Bacteria are in the news this week. Specifically the Bdellovibrio bacteriovorus which likes to insert itself into another bacterium, munch its way through its host and, fully lunched up, burst forth to repeat the procedure with the next unfortunate bacterium in its path. If that sounds particularly stomach-churning, the happy news is that the bacteria that it likes to inhabit and eat are none other than Shigella, close relatives of Salmonella and responsible for an astonishing million deaths annually. A further 159 million suffer from the food poisoning that they cause.
Researchers from Imperial College London and the University of Nottingham have conducted encouraging laboratory tests, with the predatory bacteria killing 75% of the Shigella on offer. They hope that further trials might lead to an effective, if unconventional, alternative cure for Shigella food poisoning.
As we prepare to thank this micro-organism for its potential contribution to medical science and to the lengthening of another million lives each year, it is worth remembering that bacteria have been around for a good deal longer than we have. Their ancestors were the first life form on Earth – four billion years ago. Cockroaches, often referred to as ancient creatures, are the new kids on the block by comparison, dating back a mere 320 million years. Of course, we all know that we could not live without the trillions of bacteria that are milling around in our intestines but perhaps we are unaware that they make up 90% of our mass. There are ten times as many of them as there are human cells in and on our bodies. And before we feel diminished by being 10% of our imagined selves, it is worth reflecting upon the fact that we would not exist at all without these tiny lifeforms.
In very simple terms, the more diverse the array of bacteria in the gut, the healthier the individual. Some bacteria have pronounced medical benefits. Take Lactobacillus and Bifidobacterium for example. These two bacteria have now been proven to prevent the proliferation of certain cancerous tumours  and both produce lactic acid which is present in beer, cheese and pickles as well as yoghurt, cocoa and cider. Happy news for those partial to a Ploughman’s Lunch. Just this month, the National Cancer Research Institute announced that it had found that immunotherapies were often more effective when the cancer patient had elevated levels of Ruminococcus bacteria. The list goes on.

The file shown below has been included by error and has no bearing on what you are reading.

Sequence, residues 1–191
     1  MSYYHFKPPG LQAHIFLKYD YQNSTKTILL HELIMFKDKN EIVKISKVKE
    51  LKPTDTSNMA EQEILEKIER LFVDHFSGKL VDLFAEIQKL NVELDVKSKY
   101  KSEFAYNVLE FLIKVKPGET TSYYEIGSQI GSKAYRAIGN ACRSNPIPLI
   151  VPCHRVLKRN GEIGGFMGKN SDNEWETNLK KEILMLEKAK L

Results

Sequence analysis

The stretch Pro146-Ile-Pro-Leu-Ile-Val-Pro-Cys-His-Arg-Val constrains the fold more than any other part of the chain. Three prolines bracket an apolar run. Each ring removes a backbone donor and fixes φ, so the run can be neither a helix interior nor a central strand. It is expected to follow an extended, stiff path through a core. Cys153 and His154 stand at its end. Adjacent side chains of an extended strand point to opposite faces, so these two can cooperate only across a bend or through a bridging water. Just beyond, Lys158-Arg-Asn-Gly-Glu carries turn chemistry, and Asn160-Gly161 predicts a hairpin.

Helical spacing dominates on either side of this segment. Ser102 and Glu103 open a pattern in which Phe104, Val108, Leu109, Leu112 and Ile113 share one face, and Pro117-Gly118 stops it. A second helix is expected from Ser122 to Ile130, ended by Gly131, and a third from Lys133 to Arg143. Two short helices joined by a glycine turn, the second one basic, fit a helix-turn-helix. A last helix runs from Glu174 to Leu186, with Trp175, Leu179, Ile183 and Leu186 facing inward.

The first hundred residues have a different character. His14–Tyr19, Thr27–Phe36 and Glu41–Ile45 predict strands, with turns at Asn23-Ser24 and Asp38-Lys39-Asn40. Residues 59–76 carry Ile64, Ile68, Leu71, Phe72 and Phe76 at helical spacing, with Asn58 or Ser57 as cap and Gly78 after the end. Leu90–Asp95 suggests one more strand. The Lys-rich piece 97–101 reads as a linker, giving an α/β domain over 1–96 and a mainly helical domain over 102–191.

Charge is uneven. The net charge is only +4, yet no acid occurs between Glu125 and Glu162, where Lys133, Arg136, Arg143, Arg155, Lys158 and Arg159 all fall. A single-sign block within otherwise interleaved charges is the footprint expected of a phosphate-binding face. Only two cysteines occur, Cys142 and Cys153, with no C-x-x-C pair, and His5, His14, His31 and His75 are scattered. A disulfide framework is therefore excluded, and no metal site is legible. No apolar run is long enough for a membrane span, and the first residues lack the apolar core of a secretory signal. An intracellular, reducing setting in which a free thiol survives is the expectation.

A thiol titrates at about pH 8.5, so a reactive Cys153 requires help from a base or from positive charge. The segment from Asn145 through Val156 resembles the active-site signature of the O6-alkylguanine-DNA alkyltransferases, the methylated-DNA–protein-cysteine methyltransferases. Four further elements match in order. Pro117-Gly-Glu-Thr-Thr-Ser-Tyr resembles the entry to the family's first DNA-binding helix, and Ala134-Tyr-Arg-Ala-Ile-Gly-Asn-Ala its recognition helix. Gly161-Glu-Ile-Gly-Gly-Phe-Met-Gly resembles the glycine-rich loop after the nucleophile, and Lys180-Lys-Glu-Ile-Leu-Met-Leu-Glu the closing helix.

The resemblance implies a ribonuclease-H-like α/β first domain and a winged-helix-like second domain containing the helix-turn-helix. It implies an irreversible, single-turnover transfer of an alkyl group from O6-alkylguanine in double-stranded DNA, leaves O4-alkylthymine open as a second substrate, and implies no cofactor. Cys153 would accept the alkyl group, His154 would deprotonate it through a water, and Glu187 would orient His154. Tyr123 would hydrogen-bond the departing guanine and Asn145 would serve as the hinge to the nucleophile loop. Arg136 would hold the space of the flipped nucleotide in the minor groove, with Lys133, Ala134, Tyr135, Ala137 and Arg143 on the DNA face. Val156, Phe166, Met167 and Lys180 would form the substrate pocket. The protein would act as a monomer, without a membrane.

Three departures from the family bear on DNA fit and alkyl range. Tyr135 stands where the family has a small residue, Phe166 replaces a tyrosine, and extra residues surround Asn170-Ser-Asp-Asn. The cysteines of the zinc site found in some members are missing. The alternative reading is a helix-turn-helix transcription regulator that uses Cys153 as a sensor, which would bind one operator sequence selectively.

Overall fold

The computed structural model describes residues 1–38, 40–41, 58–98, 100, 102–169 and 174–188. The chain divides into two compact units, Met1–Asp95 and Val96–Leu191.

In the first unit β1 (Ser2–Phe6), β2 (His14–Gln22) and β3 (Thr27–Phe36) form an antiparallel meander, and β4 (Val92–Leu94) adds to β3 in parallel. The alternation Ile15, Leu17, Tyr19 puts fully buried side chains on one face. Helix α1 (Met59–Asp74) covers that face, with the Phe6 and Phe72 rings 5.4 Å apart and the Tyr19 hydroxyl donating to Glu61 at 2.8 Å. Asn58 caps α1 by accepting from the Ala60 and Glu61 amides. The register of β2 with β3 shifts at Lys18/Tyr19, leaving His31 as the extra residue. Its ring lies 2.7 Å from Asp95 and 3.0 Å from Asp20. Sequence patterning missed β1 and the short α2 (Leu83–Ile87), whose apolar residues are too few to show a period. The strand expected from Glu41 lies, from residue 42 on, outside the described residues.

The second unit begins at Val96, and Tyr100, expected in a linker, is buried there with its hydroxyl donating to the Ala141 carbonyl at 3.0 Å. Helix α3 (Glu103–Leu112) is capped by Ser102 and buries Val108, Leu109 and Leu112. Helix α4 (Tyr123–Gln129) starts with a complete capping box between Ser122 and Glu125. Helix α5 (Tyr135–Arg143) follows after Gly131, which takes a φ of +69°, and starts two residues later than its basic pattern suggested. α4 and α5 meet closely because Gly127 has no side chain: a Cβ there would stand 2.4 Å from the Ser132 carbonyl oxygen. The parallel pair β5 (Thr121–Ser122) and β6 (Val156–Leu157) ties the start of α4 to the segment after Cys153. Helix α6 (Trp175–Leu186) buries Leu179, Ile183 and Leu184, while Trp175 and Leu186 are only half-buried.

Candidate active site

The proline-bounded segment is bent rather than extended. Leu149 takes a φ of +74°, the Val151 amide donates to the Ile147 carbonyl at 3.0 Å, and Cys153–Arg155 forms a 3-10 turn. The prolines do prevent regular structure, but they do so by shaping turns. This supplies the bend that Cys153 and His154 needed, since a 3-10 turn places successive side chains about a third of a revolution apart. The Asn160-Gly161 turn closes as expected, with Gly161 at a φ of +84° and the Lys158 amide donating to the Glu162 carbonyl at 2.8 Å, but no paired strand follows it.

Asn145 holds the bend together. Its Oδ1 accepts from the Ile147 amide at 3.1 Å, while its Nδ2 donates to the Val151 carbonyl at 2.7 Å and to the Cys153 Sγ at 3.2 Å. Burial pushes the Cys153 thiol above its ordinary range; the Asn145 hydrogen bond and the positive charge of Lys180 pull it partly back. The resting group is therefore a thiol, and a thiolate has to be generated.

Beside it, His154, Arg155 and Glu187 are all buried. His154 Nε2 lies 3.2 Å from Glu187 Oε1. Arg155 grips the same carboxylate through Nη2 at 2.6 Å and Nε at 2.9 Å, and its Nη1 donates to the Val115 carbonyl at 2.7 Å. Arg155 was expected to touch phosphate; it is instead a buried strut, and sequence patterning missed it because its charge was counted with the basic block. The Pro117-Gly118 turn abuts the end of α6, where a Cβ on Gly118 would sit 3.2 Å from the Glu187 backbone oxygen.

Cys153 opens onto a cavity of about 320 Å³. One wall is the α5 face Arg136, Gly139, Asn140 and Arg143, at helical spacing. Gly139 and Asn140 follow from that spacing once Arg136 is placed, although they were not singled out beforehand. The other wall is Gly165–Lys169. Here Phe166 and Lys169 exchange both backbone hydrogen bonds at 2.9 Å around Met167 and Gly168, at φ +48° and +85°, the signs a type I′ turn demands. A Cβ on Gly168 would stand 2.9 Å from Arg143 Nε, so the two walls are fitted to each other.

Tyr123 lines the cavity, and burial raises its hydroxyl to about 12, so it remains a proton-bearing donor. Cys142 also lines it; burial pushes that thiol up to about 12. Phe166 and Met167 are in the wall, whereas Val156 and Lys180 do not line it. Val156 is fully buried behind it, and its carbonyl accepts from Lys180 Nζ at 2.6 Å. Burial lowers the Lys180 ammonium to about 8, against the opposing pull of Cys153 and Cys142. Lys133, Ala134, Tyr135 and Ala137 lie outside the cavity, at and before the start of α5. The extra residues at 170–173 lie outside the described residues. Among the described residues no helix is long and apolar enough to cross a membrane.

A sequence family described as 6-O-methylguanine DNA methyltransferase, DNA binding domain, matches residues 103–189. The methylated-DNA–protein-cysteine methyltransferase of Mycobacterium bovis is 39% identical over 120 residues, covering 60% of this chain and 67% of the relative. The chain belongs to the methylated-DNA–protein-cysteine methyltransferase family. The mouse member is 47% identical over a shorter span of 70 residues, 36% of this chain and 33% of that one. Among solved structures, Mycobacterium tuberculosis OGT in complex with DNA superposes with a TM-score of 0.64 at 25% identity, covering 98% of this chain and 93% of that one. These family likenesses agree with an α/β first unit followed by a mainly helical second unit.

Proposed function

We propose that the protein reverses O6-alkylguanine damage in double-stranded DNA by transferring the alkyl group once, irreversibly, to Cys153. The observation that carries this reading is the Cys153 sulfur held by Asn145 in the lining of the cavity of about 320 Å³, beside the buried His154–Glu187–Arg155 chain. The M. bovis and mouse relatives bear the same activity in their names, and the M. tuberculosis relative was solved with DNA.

And bacteria are not only good news for the medical profession, they are also the rising stars of the biotechnology sector as well as the basis of a growing number of solutions for industry.
Not one but two limestone-producing bacteria can be used to make self-healing concrete as reported this week in Rockfire’s selection of new building materials to watch. Acid-forming bacteria are key to anaerobic digestion, the doubly useful method by which organic waste is converted to energy. This week has brought the announcement of new anaerobic digestors for Buckingham Palace  to add to the existing tally of 540 facilities in the UK . And still on waste, scientists from the University of Birmingham have found a way to recover the precious metal, palladium, from industrial waste, using a microbe similar to the common soil bacterium, Desulfovibrio desulfuricans. Palladium is especially valuable for its chemical properties that can help in reducing greenhouse gas emissions. For the spectrally minded, there are photosynthetic bacteria, which, despite their name, are not all green but sometimes purple, and these have a variety of applications including water purification, animal feed and fertilisers.
It is tempting to continue but there are five million trillion trillion types of bacteria according to a microbiologist who attempted to count them in 1998  and the point has been made. These tiny things are powerful sources of potential profit.
 Predatory bacteria can wipe out superbugs, says study
 Immunomodulatory and antitumor effects in vivo by the cytoplasmic fraction of Lactobacillus casei and Bifidobacterium longum.
 Gut bacteria ‘may help drugs fight cancer’
 AD plans for Buckingham Palace
 New anaerobic digestion map shows over 500 operational plants in UK
 How Many Types of Bacteria Are There?